Academy CEO pay: Salaries soar for (some) academy bosses – while teachers inch up 1 per cent
The heads of some of the country’s largest academy chains have pocketed pay rises totalling more than £80,000 this year – despite a 1 per cent cap on pay increases for their teachers.
A Schools Week investigation reveals that four chief executives received salary increases of at least £20,000 in the past 12 months.
Professor Toby Salt of Ormiston Academies Trust got a £30,000 boost from £150,000 to £180,000, while Sir Daniel Moynihan (Harris Federation), Karen Roberts (TKAT) and John Murphy (Oasis Community Learning) received £20,000 each.
The pay of other chief executives of the 13 chains that operate more than 20 schools stayed on the same level, except David Moran of E-ACT who dropped by £8,500 after the chain lost 10 schools, and John Mannix of Plymouth CAST, who moved up by £1,000.
Our analysis of the 2014/15 accounts of these 13 chains also shows a huge disparity in the salary of chief executives and the number of schools they run, leading to accusations from one union head that the academy system is “dysfunctional and completely unaccountable”.
After our analysis, we produced two tables, one showing the per-school cost and one showing the pay per good or outstanding school (right).
Sir Daniel was again the highest paid chief executive with a £395,000 salary, more than £10,000 per school.
That compares to just £2,429 per school for Mr Mannix, the lowest paid, who takes home £85,000.
Professor Salt’s pay rise works out at more than £6,000 per school.
Christine Blower, general secretary of the National Union of Teachers, who described the system as “dysfunctional and completely unaccountable”, said teachers would feel aggrieved at the “completely unjust state of affairs”.
She added: “Pay deregulation and the implementation of market reforms have predictably resulted in these massive disparities, with soaring salaries for some CEOs while teachers have suffered a
“It is totally illogical given the crisis in teacher recruitment and retention.”
Sir Daniel now earns more than two-and-a-half times the salary of prime minister David Cameron.
A spokesperson said all 25 of Harris’s academies that have been inspected since the trust took over have been rated good or outstanding.
“Just one of these joined the federation with a ‘good’ rating. Many of the others were very challenging schools but have, without exception, been transformed.”
Mr Mannix said there was “muddled thinking” about roles in education that were above headteachers.
He would not be drawn on specific examples, but said: “The current variation in senior pay is understandable while a new system and a new way of thinking about education responsibilities beds in.”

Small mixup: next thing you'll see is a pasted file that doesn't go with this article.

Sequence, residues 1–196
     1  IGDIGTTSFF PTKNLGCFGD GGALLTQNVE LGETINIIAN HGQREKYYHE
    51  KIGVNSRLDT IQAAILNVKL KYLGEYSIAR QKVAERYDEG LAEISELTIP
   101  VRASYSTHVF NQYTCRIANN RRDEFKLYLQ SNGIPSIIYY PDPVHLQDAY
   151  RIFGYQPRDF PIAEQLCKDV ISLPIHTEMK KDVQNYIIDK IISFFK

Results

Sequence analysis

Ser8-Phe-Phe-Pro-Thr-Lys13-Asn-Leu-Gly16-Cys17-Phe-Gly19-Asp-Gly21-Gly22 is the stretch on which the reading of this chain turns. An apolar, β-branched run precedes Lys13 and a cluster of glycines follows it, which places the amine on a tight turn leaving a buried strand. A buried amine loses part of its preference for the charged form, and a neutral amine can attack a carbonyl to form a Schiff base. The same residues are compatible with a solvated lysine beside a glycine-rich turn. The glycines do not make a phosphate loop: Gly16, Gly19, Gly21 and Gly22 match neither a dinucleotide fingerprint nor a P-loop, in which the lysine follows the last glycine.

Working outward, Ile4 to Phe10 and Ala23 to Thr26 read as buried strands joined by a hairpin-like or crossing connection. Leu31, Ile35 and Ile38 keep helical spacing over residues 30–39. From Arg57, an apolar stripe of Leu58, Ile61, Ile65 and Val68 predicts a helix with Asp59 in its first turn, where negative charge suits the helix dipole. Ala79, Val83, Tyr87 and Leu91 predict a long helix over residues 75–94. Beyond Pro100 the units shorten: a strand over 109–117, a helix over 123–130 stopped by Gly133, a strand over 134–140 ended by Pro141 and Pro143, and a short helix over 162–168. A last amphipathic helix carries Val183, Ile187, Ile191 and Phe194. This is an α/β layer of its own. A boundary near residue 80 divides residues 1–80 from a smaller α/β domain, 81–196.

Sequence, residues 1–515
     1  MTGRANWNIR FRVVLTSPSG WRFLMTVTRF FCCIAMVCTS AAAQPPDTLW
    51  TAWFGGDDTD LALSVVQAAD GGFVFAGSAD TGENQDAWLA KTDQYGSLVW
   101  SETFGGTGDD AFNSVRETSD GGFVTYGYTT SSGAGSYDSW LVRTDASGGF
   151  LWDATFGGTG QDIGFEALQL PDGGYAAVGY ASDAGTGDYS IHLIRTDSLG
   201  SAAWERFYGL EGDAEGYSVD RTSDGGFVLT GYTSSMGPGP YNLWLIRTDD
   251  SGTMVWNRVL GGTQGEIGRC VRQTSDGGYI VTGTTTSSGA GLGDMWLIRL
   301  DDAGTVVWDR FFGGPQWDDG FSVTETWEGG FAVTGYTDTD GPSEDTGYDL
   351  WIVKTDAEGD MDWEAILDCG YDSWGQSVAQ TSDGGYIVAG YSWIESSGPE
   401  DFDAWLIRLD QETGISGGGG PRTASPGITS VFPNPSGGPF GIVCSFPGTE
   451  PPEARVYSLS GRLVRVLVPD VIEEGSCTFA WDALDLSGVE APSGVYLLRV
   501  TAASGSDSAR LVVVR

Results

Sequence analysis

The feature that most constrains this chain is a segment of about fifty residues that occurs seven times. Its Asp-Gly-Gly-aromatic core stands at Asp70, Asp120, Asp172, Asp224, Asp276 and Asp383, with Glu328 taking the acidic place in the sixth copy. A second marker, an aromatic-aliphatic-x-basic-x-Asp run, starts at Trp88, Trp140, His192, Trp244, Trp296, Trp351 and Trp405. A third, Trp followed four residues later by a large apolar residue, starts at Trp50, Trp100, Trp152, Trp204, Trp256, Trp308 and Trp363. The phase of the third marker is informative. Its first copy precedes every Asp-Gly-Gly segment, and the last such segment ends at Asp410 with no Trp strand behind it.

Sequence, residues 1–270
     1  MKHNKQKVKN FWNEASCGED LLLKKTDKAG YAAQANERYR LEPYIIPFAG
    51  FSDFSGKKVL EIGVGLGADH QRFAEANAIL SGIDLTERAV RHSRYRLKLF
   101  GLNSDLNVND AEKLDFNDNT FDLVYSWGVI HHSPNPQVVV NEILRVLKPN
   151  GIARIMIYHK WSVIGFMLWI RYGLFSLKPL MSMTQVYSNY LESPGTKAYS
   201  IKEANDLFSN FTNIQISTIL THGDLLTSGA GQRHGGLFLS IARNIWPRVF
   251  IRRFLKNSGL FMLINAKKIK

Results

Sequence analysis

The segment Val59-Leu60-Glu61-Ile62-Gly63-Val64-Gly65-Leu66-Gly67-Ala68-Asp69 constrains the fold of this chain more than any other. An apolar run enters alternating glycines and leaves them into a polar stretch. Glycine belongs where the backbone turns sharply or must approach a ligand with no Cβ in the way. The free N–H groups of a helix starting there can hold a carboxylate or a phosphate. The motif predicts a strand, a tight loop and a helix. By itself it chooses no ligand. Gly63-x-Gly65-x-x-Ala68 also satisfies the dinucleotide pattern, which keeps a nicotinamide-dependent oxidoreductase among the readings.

Only time would tell “what value society ought to put on this role”.
An Ormiston spokesperson said Professor Salt’s salary was increased after a review and market benchmarking to “take into account the excellent job he does as chief executive of a large academy trust that has never shied away from taking on some of the toughest challenges in education”.
Schools Week found further disparities when the number of good or outstanding schools in each trust’s stable is taken into consideration.
Sir Steve Lancashire topped this table – earning nearly £25,000 for each of REAch2’s nine good or outstanding schools.
That compared to £5,769 for the 39 good or outstanding schools run by Ian Comfort’s Academies Enterprise Trust (AET).
But a REAch2 spokesperson said more than two-thirds of the trust’s schools have yet to be inspected, adding: “Of those that have, 80 per cent – which prior to joining
the REAch2 family were failing – are now good or outstanding.”
Mr Comfort remained on a minimum salary of £225,000 for the year. AET – England’s largest multi-academy trust with 67 schools – was criticised by Ofsted last month for failing too many
pupils and handed over eight schools last year after concerns about their “geographic isolation”.
A spokesperson said the number of good or outstanding academies in the trust had doubled to 64 per cent in two years and Mr Comfort had headed “significant improvements” since taking the role in 2013.
Malcolm Trobe, the interim general secretary of the Association of School and College Leaders, said salary levels were set by factors including the value-for-money the chief executives provided, and could be offset by the saving an academy chain could bring, such as group discounts for contracts.
“It is important that individual trusts have autonomy over pay policies in order to take account of their specific circumstances.
“Strong and effective leadership of multi-academy trusts is essential and salaries have to be commensurate.”
Credit: Ofsted inspection data from www.watchsted.com was used as part of this analysis